Why you should care
To the uninitiated, Summer League looks laid back. But for 450 aspiring NBA stars, it’s anything but.
Halftime of the Detroit Pistons and New Orleans Pelicans game at UNLV’s Cox Pavilion is winding down, but no one seems particularly interested in the game’s competitors. Kids race through the stands to collect autographs from Charlotte Hornets forward Frank Kaminsky, while scouts, team executives and media members trade gossip. On the court, Pistons superstars Blake Griffin and Andre Drummond are in street clothes, heaving up half-court shots like a couple of kids at the rec center. Seated courtside, their girlfriends appear mildly amused. Soon the stars will sign some autographs and shake hands as they head for the exits, ready for a Las Vegas night.
To the uninitiated, NBA Summer League seems like a casual affair. The games don’t count and are often played in the morning. Basketball junkies, journalists, retired stars and autograph seekers circle in a vast hobnobbing summit — with all the distractions of Vegas to partake of.
But for the 450 job applicants on the court, some as young as 18, it is an 11-day physical and mental maelstrom — an opportunity for NBA organizations to assess which players are worth an investment. Making the NBA is the goal, but the reality is that most players here will never realize that dream.
As a rule of thumb, there are three types of players who participate in summer league.
Only 60 of the summer league players were drafted this June, with the rosters filled out by former draft busts, undrafted college players and professional vagabonds desperate for a chance to extend their careers. And off the court, the hustle continues. Aspiring coaches, scouts and trainers feverishly network in the stadium promenade, résumés in hand. For all parties involved, summer league is a crash course in professional basketball. The first key to success? Staying on task.
“That’s why they put it in Vegas,” says Tyler Dorsey, a second-year guard from the Atlanta Hawks. “It’s a big test. You see who can avoid distractions and get to work.”
For Dorsey, the difference between his rookie and second-year summer league appearances are vast. In 2017, he was a second-round pick out of Oregon trying to catch his breath at professional game speed while fighting for a contract. This season, he’s a newly re-signed Hawk with a season of professional training under his belt. “In Year Two, you’re stronger and faster,” says Dorsey. “But most of all, you know what to expect.”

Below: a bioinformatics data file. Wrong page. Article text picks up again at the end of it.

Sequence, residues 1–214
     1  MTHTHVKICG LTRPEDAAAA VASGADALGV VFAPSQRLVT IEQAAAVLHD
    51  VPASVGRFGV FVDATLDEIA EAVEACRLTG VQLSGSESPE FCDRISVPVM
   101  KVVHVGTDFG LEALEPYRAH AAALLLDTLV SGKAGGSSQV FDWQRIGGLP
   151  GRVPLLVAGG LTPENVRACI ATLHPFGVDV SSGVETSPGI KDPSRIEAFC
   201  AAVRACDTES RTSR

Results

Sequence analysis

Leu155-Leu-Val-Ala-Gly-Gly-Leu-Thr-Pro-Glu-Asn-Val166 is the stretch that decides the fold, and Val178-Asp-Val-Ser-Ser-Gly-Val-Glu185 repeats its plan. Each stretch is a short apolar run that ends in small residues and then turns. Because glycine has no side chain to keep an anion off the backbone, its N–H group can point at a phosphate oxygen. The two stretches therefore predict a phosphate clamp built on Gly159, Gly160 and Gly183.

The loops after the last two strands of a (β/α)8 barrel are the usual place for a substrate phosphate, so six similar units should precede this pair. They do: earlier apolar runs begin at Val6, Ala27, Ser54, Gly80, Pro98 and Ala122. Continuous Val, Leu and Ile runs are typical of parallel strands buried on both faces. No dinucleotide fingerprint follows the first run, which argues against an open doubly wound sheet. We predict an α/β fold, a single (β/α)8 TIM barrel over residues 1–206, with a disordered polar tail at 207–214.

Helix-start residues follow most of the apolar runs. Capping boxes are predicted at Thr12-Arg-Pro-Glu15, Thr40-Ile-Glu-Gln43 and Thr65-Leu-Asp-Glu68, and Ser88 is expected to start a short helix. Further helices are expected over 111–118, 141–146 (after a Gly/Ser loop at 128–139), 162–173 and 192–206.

Dorsey may feel like a veteran, but his future is far from certain past this season. For him, Las Vegas is a way to reassure the Hawks, or other teams, that he is worthy. Dorsey will know he truly made it when he’s no longer asked to play in summer league. See, there’s a caste system here. For established stars like Detroit Pistons point guard Reggie Jackson, summer league means briefly stopping by the gym to shake hands, sign autographs and support his potential teammates. Jackson, Griffin, Drummond and the other Pistons in town work out in the morning — “not with the summer league guys,” Jackson makes sure to note — before enjoying the Vegas nightlife. For the Pistons, summer league is also a chance to meet their new boss, as Detroit scooped up Dwane Casey shortly after the Toronto Raptors fired the 2018 NBA Coach of the Year. “I’ve heard nothing but good things,” says Jackson. “Everyone says he’ll get on you like [former Pistons head coach] Stan [Van Gundy], but in a different way. Hopefully he adds some energy.”
As a rule of thumb, there are three types of players in summer league. There are the highly drafted rookies, like Atlanta’s Trae Young or Charlotte Hornets forward Miles Bridges, who draw fan attention and SportsCenter highlights. These players are guaranteed NBA roster spots, but they’re still adjusting to professional life. “I’m just working on my spacing and learning to take good shots,” says Bridges, who’s averaging 13.3 points and 7.3 rebounds per game in Las Vegas.
Then there are the players like Dorsey and third-year Charlotte center Willy Hernangómez, who have proved that they are capable of playing in the NBA but use summer league to get a head start on next season. Hernangómez (18.3 points, 11.7 rebounds per game) was traded from New York to Charlotte in the middle of last season. In an atypical move, he volunteered for the summer assignment. “I had to show them that I’m ready, that I can be depended on,” he says.
Lastly, there are the roster fillers — players hoping to impress anyone in attendance enough to earn a contract one step down in the G League or a lucrative offer to play overseas. Their chances at making an NBA roster may be slim, but effort, team fit and demonstrated specialty skills could help them defy the odds. At least that’s what former Purdue University shooting guard Dakota Mathias, now with the Cleveland Cavaliers in summer league, is counting on. The 3-point specialist is hoping that a rebuilding Cleveland team will sign him to its G League affiliate. “I’m a shooter, and Cleveland needs me to be a lockdown defender,” says Mathias. “I can’t afford to not get those things done.”
Summer league ends on Tuesday. Soon Mathias will have a better idea of what, exactly, he can afford.